Sun editorial: Shutting Tahoe Vista shelter best for animals
EDITOR’S NOTE: Unsigned editorials are the opinion of the Sierra Sun editorial staff.
The Placer County Board of Supervisors made the right decision two weeks ago by voting to shutter the Tahoe Vista Animal Shelter.
While it will be sad to see the 42-year-old building at 849 Shelter Road close its doors on Sept. 1, we don’t feel there was another viable choice, both in terms of immediate needs for the animals currently sheltered, and for those that will need assistance down the road.
At the same time, we’d like to applaud the hundreds of North Shore residents who helped fuel the grassroots group Friends of Tahoe Vista Animal Shelter’s efforts to save the building. From all the meetings with local groups and officials, to the bevy of fundraisers held this spring and summer, the community collaboration was commendable.
However, we feel the compromise the group developed to save the shelter wasn’t the best solution for all parties, specifically for the following two reasons:
1. While the proposed $3 million, 3,500-square-foot shelter would be designed to meet current Humane Society standards, imposing a parcel tax against homeowners in eastern Placer County to help build it isn’t the answer, as it would be an added economic hardship for residents that are already paying off various bond measures — for example, most recently the school district’s Measure E.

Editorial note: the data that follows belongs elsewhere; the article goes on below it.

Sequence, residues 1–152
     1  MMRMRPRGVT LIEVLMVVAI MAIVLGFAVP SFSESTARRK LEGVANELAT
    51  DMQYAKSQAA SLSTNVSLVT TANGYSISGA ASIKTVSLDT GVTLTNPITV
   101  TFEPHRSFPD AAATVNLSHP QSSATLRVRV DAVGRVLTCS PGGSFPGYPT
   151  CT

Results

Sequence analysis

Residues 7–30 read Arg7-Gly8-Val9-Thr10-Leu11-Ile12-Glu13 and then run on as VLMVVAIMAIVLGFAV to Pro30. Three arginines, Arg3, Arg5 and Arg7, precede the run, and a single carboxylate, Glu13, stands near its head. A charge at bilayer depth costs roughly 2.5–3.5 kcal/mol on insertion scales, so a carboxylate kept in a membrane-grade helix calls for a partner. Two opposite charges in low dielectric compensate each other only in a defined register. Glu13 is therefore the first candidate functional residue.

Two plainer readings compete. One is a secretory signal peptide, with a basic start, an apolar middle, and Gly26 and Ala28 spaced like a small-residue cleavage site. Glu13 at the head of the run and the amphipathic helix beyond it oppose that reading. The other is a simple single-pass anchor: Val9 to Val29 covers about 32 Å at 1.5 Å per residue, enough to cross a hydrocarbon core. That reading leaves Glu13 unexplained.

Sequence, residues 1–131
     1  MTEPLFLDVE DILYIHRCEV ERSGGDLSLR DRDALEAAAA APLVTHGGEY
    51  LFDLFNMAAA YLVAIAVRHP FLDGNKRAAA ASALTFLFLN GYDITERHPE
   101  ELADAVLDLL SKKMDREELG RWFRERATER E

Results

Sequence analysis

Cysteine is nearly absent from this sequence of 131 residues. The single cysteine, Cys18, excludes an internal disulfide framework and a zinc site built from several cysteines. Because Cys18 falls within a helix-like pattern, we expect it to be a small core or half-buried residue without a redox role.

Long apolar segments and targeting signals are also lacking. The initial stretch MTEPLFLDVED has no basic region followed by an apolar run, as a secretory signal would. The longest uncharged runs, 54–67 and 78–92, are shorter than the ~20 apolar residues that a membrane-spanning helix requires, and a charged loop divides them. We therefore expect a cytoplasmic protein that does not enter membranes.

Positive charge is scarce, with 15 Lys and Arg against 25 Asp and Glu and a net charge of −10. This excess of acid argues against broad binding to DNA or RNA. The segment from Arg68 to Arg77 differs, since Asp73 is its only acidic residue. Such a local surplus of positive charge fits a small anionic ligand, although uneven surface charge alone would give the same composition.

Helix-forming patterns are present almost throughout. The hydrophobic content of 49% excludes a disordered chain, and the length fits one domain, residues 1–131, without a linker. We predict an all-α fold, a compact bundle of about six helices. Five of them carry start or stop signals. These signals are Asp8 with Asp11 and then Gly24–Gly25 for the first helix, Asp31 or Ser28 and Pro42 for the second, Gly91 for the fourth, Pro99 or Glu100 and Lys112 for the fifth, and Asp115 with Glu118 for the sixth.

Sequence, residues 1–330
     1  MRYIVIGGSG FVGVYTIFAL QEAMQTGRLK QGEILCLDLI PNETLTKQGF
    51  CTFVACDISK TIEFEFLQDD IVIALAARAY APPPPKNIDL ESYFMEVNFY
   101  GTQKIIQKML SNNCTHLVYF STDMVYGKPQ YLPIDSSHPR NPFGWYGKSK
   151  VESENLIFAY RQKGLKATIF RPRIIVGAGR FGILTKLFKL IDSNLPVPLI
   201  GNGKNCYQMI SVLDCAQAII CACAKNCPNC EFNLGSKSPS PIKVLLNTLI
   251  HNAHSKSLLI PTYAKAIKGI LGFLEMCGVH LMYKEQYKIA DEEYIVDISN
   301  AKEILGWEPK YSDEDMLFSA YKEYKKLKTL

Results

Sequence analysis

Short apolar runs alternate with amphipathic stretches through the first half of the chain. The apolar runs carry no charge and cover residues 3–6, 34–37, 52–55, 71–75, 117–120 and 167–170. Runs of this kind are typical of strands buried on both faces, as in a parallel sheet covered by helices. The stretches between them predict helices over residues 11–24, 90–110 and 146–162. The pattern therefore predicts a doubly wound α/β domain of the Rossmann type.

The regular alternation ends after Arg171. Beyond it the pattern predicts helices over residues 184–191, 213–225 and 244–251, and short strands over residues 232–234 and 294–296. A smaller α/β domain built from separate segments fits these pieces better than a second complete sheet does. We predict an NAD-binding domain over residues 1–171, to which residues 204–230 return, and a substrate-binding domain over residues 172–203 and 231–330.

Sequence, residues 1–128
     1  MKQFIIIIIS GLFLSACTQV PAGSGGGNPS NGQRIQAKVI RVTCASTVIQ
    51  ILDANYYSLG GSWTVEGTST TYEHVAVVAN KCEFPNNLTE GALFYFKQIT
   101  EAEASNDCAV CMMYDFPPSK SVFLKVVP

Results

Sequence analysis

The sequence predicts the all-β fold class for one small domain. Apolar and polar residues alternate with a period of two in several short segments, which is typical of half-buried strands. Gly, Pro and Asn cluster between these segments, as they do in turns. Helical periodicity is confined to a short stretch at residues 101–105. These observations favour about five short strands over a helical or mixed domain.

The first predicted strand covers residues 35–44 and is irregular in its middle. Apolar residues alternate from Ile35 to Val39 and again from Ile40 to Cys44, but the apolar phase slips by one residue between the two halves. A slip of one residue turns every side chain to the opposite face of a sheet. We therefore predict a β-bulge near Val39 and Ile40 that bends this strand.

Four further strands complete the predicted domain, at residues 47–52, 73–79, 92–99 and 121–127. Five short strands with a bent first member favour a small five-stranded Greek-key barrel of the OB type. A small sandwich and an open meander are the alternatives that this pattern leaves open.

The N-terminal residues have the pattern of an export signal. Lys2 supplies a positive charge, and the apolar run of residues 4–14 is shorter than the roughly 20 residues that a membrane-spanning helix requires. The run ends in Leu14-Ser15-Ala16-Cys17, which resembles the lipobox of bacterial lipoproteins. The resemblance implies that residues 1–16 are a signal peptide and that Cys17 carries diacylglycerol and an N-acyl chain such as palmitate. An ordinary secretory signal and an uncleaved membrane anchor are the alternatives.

2. It likely would take several months, if not a few years, for the new shelter to be built — all the while, North Shore animals would have to stay at the current neglected facility that’s not up to Humane Society code.
Instead, the county’s partnership with the town of Truckee means animals throughout North Tahoe and Truckee will be treated to top-notch facilities at the nearly new animal shelter at Stevens Lane. Further, the agreement would end up saving money for Placer County and its taxpayers.
And while it may be an inconvenience to travel the handful of miles from the North and West shores to Truckee, the agreement takes that into account — should a resident’s animal be picked up by a county animal control officer and the owner is unable to travel to Truckee, the county will return the animal for free after all vaccinations, licensing and microchip information is updated — which is to be applauded.
In a perfect world, there would be shelters in both counties. However, given the circumstances of a nearly dilapidated building, coupled with the potential for a multimillion-dollar hit to the county’s capital budget, we feel this partnership is the best solution for the animals and the taxpayers.